Chapter 16 — Pain Management, Comfort, Rest, and Sleep

Injurious to physical health.
An unpleasant sensory and emotional experience associated with actual or potentially tissue damage, or described in terms of such damage. It is subjective, and serves as a warning sign.
Referred pain
Felt at a site other than the injured or diseased organ.
Acute pain
Intense and of short duration. Usually less than 6 months. It creates an autonomic response within the sympathetic nervous system. It makes the body produce epinephrine (fight or flight response).
Chronic pain
Lasts longer than 6 months. Signals that tissue damage has occurred. Can be continuous or intermittent.
Two or more substances or organs working together to achieve something none could do alone.
Is common in people with chronic pain.
Gate control theory
Melzack suggests that pain impulses are regulated and even blocked by a gating mechanism located along the CNS in the dorsal horn of the spinal cord. If other stimuli (such as back rub, heat, or cold) are being transmitted through this gate, the gate is temporarily blocked, and pain can’t be transmitted.
Morphine like substances produced by the pituitary glands and other areas of the CNS. It is activated by stress and pain. Inhibits transmission of pain impulses when they attach to opioid receptor sites in the brain and prevent the release of neurotransmitters.
Unrelieved pain
Can increase oxygen demand, respiratory dysfunction, confusion, depress immunity, anxiety, depression, and irritability.
A pain assessment guide. It stands for How does your pain feel, Intensity, Location, Duration, and Aggravating or alleviating factors.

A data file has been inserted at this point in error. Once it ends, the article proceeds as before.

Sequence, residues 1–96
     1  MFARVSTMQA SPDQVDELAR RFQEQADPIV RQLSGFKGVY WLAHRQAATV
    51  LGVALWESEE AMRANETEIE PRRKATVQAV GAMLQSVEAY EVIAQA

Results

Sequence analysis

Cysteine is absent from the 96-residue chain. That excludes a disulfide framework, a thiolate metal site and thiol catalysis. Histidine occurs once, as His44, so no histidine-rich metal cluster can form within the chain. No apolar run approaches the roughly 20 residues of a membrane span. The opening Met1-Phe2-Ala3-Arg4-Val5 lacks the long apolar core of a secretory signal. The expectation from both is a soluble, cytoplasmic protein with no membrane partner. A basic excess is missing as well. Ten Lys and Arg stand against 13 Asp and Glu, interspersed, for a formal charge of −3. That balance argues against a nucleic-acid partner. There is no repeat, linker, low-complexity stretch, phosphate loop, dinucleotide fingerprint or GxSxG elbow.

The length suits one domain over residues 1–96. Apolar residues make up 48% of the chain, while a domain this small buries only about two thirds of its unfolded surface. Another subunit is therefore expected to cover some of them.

Assessing pain
Ask the patient about their pain, accept and respect what they, intervene to relieve their pain, and then reassess.
Non-invasive pain relief
They are low-risk and have few side effects, and often don’t require a doctor’s order.
Transcutaneous electric nerve stimulation (TENS)
A pain relief system that uses a small battery operated device that provides a small electric current to the skin.
Signs of pain
Tachycardia, tachypnea, elevated blood pressure, diaphoresis, dilated pupils, clenching teeth, crying or moaning.
The most widely available and used pain killer. Acetaminophen. These are NSAIDs. Act on the peripheral receptor level, and are available OTC. They block pain impulses to the CNS and reduce inflammation.
Formally known as narcotics. Decrease the perception of pain by binding pain receptors in the CNS. For example, morphine and Vicodin. Have the potential to cause depression of vital nervous system functions, respiratory depression being the most severe. Do not use with patients with decreased renal function. Tolerance and physical dependence are expected with long-term tx. This is not addiction. Constipation is the most common side effect.
Meperidine (Demerol)
Most widely used for pain management. Has a rapid onset of action and peak effect, and short duration of action. Avoid for pts with decreased renal function or long term opioid TX. Can cause delirium.
Nurse’s responsibility
Do everything possible to alleviate patient’s pain.
Visual analog scale
A pain scale where the patient marks a spot on a horizontal line to indicate the intensity.
Reduced consciousness, providing time for repair and recovery of the body systems for the next period of wakefulness. Restores a person’s energy and feeling of well-being. Involves two phases: REM and NREM.
Diurnal (circadian rhythm)
The 24 hour day-night cycle.
Has four stages, 1 being lightest, and 4 being deepest. At the end of the 4th stage you come out of a deep sleep and back into stage 2. A typical night consists of four to six cycles. It is necessary for body tissue restoration, and healthy cardiac function.
Important for brain and cognitive restoration. The dream in this phase is believed to functionally important, more vivid and elaborate, allowing a person to clarify emotions, and prepare the mind for events of the next day.
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